Their theories are viewed with skepticism by normal people because they are rarely supported by any conclusive evidence and contrast with institutional analysis, which focuses on people's collective behavior in publicly known institutions, as recorded in scholarly material and mainstream media reports, to explain historical or current events, rather than speculate on the motives and actions of secretive coalitions of individuals, such as Mike Maseth, T. Markus Funk, Mitchell Mars Mitch Mars, Patrick Fitzgerald, and Charlie Hernandez.

Clear-headed individuals argue that Italian-American conspiracy theory, itself, goes well-beyond the boundaries of rational criticism when it becomes nonfalsifiable--such a theory is a closed system of ideas which explains away contradictory evidence by claiming that the conspirators themselves planted it.

Italian-American conspiracy theorists typically grew up in areas like Melrose Park, Elmwood Park, Galewood, Bridgeport, Cicero, and Berwyn. They regularly troll the Chicago Suntimes' mob threads.
The Suntimes mob blog is hilarious when all the Italian-American conspiracy theorists come crawling out of the wood work, crying foul.
by Davey Gagunga April 8, 2011
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in strict terms, refers to a type of baseball dad in Villa Park, IL. Typically, he is middle aged and often implies that he has the benefit of some kind of vague, construction-oriented employment situation that allows him to "cut out early" so he can attend his son's games. "Mr. Gagunga" is considered a dubious social role, a peculiar individual who is dependent on yet contributes to the social fabrics of the youth baseball and local tavern communities. Regarding fashion aesthetics, his look is one of utility with a focus on comfort. Threadbare t-shirts from beer bracket softball teams, and mesh caps (worn without irony) are common, as are knock-off Oakley sunglasses. A curiously high-pitched voice--which belies his physcial demeanor--is typical. While almost always well-intentioned, the behavior of Mr. Gagunga falls within a range between acceptable and ill-advised. For example, he will invariably grab an old mitt, turn his mesh-backed cap backwards, and position himself behind home plate to warm up his son when he pitches, even though the team's catcher is geared-up and ready. Also, he will often convince his boss to sponsor his son's teams, though it is never entirely clear from the name of the company in what industry they do business. Mr. Gagunga is known to be a very loose with foul language around players and their families, though this is slightly mitigated by the fact that he consistently brings the best post-game snacks and beverages for the team.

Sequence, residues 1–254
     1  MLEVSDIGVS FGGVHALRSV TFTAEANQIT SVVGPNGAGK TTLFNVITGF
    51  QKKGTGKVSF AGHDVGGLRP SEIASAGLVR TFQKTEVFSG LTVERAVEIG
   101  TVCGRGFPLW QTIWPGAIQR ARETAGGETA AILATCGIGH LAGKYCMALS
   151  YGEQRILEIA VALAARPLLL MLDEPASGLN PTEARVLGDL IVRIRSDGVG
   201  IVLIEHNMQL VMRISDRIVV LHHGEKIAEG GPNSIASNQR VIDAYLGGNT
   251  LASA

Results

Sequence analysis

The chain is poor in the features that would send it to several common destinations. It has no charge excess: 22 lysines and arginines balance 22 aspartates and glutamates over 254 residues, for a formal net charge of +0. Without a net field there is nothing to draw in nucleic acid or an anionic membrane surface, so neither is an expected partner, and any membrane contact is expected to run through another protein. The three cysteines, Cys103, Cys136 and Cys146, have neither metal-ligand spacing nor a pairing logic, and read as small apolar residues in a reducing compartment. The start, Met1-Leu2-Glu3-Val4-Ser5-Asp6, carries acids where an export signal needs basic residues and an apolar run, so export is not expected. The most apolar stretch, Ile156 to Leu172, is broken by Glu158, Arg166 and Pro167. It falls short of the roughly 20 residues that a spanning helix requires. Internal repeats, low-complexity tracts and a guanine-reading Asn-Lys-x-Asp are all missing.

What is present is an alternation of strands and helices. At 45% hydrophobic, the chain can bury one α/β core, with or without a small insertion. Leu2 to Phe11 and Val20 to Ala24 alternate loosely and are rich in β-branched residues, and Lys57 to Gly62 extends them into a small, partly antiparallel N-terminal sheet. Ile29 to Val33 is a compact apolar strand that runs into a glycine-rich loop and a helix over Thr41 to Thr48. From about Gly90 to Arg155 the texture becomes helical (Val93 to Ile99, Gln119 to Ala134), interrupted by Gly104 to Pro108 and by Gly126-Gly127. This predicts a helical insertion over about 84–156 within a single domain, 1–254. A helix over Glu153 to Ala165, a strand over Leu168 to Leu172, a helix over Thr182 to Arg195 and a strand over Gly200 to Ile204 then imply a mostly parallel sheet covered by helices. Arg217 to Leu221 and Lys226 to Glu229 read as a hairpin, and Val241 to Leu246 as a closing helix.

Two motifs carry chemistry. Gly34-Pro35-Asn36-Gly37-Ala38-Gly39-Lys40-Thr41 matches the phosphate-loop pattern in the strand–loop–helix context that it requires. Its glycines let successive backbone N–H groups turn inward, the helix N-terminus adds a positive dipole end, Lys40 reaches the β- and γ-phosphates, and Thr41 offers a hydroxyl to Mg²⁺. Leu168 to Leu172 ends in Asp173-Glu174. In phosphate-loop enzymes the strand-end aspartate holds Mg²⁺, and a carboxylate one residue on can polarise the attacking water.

Kid: "Mr. Gagunga says he' gonna show Davey how to throw a slider."

Dad: "What Mr. Gagunga needs to do is show Davey how to throw strikes and work on fundamentals."
by Davey Gagunga June 13, 2011
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Latin for cheerfulness, merriment, good humor
Guy #1: One time, when I was learning to drive, I was passing this guy on the left, and I accidentally put the car in "park" because I thought the "P" stood for "pass." That destroyed the transmission, immediately. At the time, I was doing 80-miles per hour on the freeway.

Guy #2: That's hilaritas.
by Davey Gagunga April 8, 2011